private extension RichTextCoordinator {

    func syncWithTextView() {
        syncContextWithTextView()
        syncTextWithTextView()
    }

    func syncContextWithTextView() {
        let string = textView.attributedString
        let attributes = string.textAttributes(at: textView.selectedRange)
        let isUnderlined = (attributes[.underlineStyle] as? Int) == 1
        context.isUnderlined = isUnderlined
    }

    ...
}

As you can see, the code is still rough even though we added a textAttributes(at:) function to the text view. This is why we should add more extensions later, to make these operations easier.

You can now add a @StateObject private var context = RichTextContext() to the test app and pass it into the RichTextEditor. When you move the text input cursor, the coordinator will sync the underline information with the context, which you can then use as you wish in SwiftUI.

However, we currently have no way to make the rich text underlined from SwiftUI. We have the required functionality, but no way to trigger it from SwiftUI. Since SwiftUI views are structs, we also have no view reference that a button could use. We have to find another way.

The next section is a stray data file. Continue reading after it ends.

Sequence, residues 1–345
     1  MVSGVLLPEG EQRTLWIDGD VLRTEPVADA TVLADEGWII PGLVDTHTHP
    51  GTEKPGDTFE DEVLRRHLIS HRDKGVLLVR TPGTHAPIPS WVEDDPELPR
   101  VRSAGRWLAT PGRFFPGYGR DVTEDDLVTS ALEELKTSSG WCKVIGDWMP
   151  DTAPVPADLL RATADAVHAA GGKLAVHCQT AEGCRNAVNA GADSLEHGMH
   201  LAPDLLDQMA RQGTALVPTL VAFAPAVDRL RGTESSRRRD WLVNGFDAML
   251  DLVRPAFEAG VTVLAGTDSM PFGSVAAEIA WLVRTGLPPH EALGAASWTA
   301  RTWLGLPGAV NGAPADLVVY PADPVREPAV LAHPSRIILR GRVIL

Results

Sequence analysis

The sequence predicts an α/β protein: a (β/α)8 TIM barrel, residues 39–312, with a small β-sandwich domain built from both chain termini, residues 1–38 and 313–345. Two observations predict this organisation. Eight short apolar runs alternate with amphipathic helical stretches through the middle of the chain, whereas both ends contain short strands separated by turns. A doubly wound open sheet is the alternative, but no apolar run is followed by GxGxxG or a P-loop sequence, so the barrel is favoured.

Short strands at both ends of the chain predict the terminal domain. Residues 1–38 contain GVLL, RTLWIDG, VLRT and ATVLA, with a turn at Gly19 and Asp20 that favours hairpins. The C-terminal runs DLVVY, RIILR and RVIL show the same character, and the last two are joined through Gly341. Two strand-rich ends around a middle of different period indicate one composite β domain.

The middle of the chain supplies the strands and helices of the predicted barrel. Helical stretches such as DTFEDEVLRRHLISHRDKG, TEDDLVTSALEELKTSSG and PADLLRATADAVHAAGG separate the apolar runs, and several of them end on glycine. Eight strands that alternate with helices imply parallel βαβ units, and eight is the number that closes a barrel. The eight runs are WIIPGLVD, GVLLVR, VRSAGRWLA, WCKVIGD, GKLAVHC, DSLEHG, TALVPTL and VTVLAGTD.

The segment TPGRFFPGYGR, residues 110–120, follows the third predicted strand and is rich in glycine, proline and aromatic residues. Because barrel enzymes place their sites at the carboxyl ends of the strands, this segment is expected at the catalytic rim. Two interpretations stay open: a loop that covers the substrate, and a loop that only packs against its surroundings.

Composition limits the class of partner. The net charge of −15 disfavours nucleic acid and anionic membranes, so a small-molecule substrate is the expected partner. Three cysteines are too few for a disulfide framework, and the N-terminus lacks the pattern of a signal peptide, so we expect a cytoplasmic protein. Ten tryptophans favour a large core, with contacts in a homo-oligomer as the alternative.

Turns out that we’ve actually just added a way to solve this - the context. If we could somehow observe context changes, we could fix so that just changing the context’s isUnderlined could tell something with access to the text view to act on that change. Turns out we have this thing as well - the coordinator.

The coordinator could use Combine to observe the context, then apply the correct changes directly to the native text view, which in turn would update the text binding.

Let’s first add a way for the coordinator to store context observables:

open class RichTextEditorCoordinator: NSObject, RichTextPresenter {
    
    ...
    
    public var cancellables = Set<AnyCancellable>()

    ...
}

Then let’s add a way for the coordinator to subscribe to context changes:

open class RichTextEditorCoordinator: NSObject, RichTextPresenter {
    
    public init(
        text: Binding<NSAttributedString>,
        textView: RichTextView,
        textContext: RichTextContext) {
        ...
        subscribeToContextChanges()
    }

    ...
}

private extension RichTextEditorCoordinator {
    
    func subscribeToContextChanges() {
        subscribeToIsUnderlined()
    }

    func subscribeToIsUnderlined() {